Table1: Performance comparisons with the existing predictors on the test dataset.

Method ACC TPR FPR AUC

MoRFpred [5]* 0.596 0.236 0.045 0.697

ANCHOR [6] 0.608 0.641 0.425 0.638

MFSPSSMPred [12] 0.682 0.540 0.176 0.706

Proposed method 0.682 0.700 0.337 0.723

*Note: Result of MoRFpred was quoted from paper [5]; the other results come from their web servers.

4

Conclusions

In this study, we proposed a deep learning approach, which leverages the local contexts of protein sequence with 2-gram and 3-gram characters via one-dimensional CNN for MoRFs prediction. First, sequences were mapped to feature matrixes by calculating PSSM files of sequences and 13 amino acid indices; second, the 2-gram and 3-gram models were applied to construct the input vectors, and

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these vectors were imported into a one-dimensional CNN to make predictions; finally, the output probabilities of the CNN model were further refined by the averaging step. Experiments conducted on the same datasets demonstrated that, our proposed method outperformed the other single model-based approaches, achieving a balanced accuracy of 0.682 and an AUC of 0.723, which provided significant performance improvement for the MoRFs prediction based on single machine learning model.

Acknowledgment

This research is supported by National Natural Science Foundation of China (61602280, 61473179), the Natural Science Foundation of Shandong province (ZR2014FQ028), the Japan Society for the Promotion of Science (17F17050), and Basis for Supporting Innovative Drug Discovery and Life Science Research (BINDS) from the Japan Agency for Medical Research and Development (AMED).

References

[1] Uversky VN.(2014). Introduction to intrinsically disordered proteins (IDPs). Chem Rev.

114(13):6557-60,

[2] Mohan A, Christopher JO, Radivojac P, et al. (2006) Analysis of Molecular Recognition Features (MoRFs). J. Mol. Biol, 362: 1043–1059.

[3] Gang H, Zhonghua W, Vladimir N.U, et al. (2017) Functional Analysis of Human Hub Proteins and Their Interactors Involved in the Intrinsic Disorder-Enriched Interactions. Int. J. Mol. Sci.

18(12), 2761.

[4] Uversky VN, Oldfield CJ, Dunker AK. (2008).Intrinsically disordered proteins in human diseases: introducing the D2 concept. Annu Rev Biophys. 37:215-46.

[5] Fatemeh MD, Wei-Lun H, Marcin JM, et al. (2012). MoRFpred, a computational tool for sequence-based prediction and characterization of short disorder-to-order transitioning binding regions in proteins. Bioinformatics. 28(12): i75-i83.

[6] Dosztanyi Z, Mészáros SI. (2009). ANCHOR: web server for predicting protein binding regions in disordered proteins. Bioinformatics. 25(20): 2745-2746.

[7] Xue B, Dunker AK, Uversky VN. (2010). Retro-MoRFs: identifying protein binding sites by normal and reverse alignment and intrinsic disorder prediction. Int J Mol Sci. 11(10): 3725-47. [8] Sharma R, Bayarjargal M, Tsunoda T, et al. (2018). MoRFPred-plus: Computational

Identification of MoRFs in Protein Sequences using Physicochemical Properties and HMM profiles. J Theor Biol. 437:9-16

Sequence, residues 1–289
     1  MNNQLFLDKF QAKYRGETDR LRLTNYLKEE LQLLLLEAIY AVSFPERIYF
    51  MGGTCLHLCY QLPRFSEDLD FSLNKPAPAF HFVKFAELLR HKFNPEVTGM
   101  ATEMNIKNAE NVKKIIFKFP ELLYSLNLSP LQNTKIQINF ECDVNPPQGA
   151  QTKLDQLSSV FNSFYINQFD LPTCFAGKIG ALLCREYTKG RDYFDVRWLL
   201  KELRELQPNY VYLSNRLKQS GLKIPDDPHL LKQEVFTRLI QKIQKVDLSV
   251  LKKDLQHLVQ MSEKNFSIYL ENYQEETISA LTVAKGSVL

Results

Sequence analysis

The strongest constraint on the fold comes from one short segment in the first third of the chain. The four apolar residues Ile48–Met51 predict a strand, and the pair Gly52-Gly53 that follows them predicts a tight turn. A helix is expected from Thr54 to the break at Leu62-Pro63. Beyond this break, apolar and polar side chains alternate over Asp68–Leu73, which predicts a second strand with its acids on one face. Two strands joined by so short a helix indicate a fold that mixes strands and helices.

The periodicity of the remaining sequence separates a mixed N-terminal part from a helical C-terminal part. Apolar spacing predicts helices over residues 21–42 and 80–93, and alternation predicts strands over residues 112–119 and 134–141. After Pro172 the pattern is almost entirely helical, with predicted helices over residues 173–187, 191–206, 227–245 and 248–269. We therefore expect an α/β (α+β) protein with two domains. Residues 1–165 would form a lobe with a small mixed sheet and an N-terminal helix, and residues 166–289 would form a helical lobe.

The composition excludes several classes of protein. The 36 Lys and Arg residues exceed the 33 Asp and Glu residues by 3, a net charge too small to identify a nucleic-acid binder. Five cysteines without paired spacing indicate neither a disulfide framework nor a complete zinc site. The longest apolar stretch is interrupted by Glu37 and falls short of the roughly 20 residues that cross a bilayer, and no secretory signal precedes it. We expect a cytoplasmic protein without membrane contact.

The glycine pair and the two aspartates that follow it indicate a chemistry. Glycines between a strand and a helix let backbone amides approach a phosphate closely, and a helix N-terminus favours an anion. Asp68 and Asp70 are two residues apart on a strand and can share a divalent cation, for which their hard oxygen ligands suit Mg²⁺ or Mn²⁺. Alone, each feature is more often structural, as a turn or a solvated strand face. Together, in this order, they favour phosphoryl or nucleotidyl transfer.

[9] Malhis N and Gsponerr J. (2015) Computational identification of MoRFs in protein sequences,

Bioinformatics, 31(11): 1738–1744.

[10] Ye Zhang, Byron C. Wallace. (2015). A Sensitivity Analysis of Convolutional Neural Networks for Sentence Classication, In Proceedings of the The 8th International Joint Conference on Natural Language Processing, (pp. 253-2634)

[11] Kawashima S, Pokarowski P, Pokarowska M, et al. (2008) AA index: amino acid index database.

Nucleic Acids Research, 36:D202-D205.

[12] Fang C, Noguchi T, Tominaga D, et al. (2013). MFSPSSMpred: identifying short disorder-to-order binding regions in disdisorder-to-ordered proteins based on contextual local evolutionary conservation.

Figure

Figure 1: Overview of the proposed method

Figure 1:

Overview of the proposed method p.3
Figure 2: The structure of multi-channel CNN model

Figure 2:

The structure of multi-channel CNN model p.4
Figure 6: ROC plot of our proposed method tested on the validation dataset

Figure 6:

ROC plot of our proposed method tested on the validation dataset p.5
Figure 5: ROC plots of “2_3_gram” method with and without the average step on the validation dataset

Figure 5:

ROC plots of “2_3_gram” method with and without the average step on the validation dataset p.5
Figure 3: ROC plots of the methods with different integration of n-gram channels tested on the validation dataset

Figure 3:

ROC plots of the methods with different integration of n-gram channels tested on the validation dataset p.5
Figure 4: ROC plots of “2_3_gram” method with different averaging window size tested on the validation dataset

Figure 4:

ROC plots of “2_3_gram” method with different averaging window size tested on the validation dataset p.5
Figure 7: Performance comparisons with existing methods on the test dataset.

Figure 7:

Performance comparisons with existing methods on the test dataset. p.6

References